SLC Economic Development, Transportation & Cultural Affairs Committee
The topics explored by the Economic Development, Transportation & Cultural Affairs Committee include a number of critical issues relevant to the progress and advancement of the Southern region. As the Southern states continue to diversify their economies, the Committee has studied a number of issues to further its understanding of this diversification process. In addition, the Committee has focused on exploring the role of the arts as a catalyst for economic growth and the fact that a thriving cultural scenario is an important consideration in the relocation and expansion plans of corporations. Such issues as federal transportation plans and their implications for Southern states; competition among states to attract economic investment; attracting and retaining high-tech investment; promoting Southern state exports; high speed rail in the South; promoting biotechnology are recurring topics.
SLC Regional Resource | June 21, 2017
As technological advancements continue driving innovation and automation across much of the global economy, STEM subjects — including coursework in science, technology, engineering and mathematics — have increasingly become an essential component of educational standards at all levels, from as early as pre-kindergarten up to secondary education and beyond. Local, state and federal policymakers all have emphasized the importance of STEM coursework to America's students, appropriating hundreds of millions of dollars in recent years to ensure the next generation of workers is equipped with the skills and knowledge to compete in the global workforce.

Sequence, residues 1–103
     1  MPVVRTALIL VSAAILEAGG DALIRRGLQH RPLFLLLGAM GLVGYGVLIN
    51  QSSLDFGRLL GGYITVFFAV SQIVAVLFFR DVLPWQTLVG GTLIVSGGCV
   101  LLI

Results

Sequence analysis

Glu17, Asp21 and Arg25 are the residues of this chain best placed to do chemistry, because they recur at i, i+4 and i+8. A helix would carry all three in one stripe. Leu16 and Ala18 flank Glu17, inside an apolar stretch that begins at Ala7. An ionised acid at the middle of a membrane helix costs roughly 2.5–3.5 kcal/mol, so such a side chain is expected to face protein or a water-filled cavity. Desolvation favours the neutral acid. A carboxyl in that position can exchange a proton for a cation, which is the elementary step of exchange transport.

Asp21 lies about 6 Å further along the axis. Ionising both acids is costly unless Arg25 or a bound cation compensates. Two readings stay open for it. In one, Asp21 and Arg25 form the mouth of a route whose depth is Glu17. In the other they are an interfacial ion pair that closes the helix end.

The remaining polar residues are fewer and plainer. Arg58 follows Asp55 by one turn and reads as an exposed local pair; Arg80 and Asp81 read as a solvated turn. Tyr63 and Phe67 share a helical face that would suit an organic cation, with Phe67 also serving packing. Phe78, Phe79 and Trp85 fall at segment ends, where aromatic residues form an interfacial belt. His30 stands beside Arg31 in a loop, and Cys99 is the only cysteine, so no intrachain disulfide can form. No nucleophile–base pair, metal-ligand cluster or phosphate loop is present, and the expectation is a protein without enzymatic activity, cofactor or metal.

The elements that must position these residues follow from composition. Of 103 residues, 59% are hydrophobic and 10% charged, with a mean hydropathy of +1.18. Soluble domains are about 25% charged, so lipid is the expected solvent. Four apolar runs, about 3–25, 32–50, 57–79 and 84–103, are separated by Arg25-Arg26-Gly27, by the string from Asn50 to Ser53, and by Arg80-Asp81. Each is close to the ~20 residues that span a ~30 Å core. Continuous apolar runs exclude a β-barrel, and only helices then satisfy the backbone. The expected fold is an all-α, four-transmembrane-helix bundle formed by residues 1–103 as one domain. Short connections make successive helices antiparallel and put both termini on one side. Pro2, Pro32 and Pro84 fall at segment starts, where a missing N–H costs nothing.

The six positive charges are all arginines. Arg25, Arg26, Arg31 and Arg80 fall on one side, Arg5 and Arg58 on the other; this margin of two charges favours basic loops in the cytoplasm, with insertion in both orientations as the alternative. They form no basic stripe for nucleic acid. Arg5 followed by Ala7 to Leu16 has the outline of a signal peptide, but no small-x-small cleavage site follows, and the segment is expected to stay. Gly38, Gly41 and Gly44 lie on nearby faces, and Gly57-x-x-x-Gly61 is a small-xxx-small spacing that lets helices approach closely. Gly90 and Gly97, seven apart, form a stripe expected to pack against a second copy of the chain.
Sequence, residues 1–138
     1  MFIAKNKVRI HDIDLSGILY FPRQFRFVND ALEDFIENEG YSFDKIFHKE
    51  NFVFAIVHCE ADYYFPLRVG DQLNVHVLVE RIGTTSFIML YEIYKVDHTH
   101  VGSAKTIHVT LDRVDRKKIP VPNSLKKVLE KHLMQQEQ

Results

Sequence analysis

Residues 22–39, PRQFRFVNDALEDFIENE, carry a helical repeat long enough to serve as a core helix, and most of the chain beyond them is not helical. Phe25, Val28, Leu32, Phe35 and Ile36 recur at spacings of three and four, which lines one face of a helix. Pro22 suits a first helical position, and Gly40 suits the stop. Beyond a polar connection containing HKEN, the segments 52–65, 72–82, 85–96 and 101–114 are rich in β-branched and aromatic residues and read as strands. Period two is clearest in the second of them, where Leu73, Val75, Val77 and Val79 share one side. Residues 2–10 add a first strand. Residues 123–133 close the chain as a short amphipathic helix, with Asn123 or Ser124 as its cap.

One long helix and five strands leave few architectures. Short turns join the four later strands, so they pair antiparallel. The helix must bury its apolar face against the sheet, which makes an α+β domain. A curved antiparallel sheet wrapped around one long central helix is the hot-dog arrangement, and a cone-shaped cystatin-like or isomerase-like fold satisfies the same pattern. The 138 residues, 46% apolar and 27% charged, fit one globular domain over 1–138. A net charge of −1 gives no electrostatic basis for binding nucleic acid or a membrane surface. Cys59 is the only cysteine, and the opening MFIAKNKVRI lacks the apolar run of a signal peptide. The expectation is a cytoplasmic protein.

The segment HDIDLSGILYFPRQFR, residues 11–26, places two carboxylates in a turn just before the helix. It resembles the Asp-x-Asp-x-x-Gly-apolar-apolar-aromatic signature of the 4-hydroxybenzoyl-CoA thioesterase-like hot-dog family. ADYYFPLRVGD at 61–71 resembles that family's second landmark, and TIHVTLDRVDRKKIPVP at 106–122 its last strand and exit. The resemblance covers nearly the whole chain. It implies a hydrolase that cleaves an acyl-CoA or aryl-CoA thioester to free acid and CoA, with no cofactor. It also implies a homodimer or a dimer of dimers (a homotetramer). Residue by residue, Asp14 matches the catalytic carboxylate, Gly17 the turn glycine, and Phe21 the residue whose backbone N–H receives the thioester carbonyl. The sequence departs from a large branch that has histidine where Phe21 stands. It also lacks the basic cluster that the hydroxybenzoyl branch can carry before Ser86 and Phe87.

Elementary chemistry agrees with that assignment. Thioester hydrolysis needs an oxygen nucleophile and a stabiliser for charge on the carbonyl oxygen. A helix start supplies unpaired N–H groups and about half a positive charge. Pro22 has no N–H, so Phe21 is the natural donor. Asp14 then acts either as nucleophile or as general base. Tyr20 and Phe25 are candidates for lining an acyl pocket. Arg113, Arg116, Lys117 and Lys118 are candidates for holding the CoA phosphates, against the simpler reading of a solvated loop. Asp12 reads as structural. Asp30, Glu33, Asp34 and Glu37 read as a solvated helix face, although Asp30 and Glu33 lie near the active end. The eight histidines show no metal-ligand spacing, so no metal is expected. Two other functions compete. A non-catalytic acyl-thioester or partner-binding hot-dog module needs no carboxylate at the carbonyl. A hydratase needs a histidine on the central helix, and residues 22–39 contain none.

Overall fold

For the United States to remain competitive in the global economy, it will be important for states to address these shortages in the years ahead. Not to do so compounds the risks that students will fall behind in many critical skills that are essential to maintaining sustainable economic growth in today's globalized, automation-driven workforce. This SLC Regional Resource examines various initiatives in Southern states to increase the number of qualified primary and secondary teachers equipped with the skills and knowledge to successfully educate students in STEM subjects.
Policy Analysis | October 1, 2016
Nine of the 15 SLC member states provide regulatory guidelines under which employers may grant employees time off to vote in an election.
|State and Code Section||Voting Leave Law|
Code § 17-1-5
|Each employee in the state shall, upon reasonable notice to his or her employer, be permitted by his or her employer to take necessary time off from his or her employment to vote in any municipal, county, state, or federal political party primary or election for which the employee is qualified and registered to vote on the day on which the primary or election is held. The necessary time off shall not exceed one hour and if the hours of work of the employee commence at least two hours after the opening of the polls or end at least one hour prior to the closing of the polls, then the time off for voting as provided in this section shall not be available. The employer may specify the hours during which the employee may absent himself or herself as provided in this section.|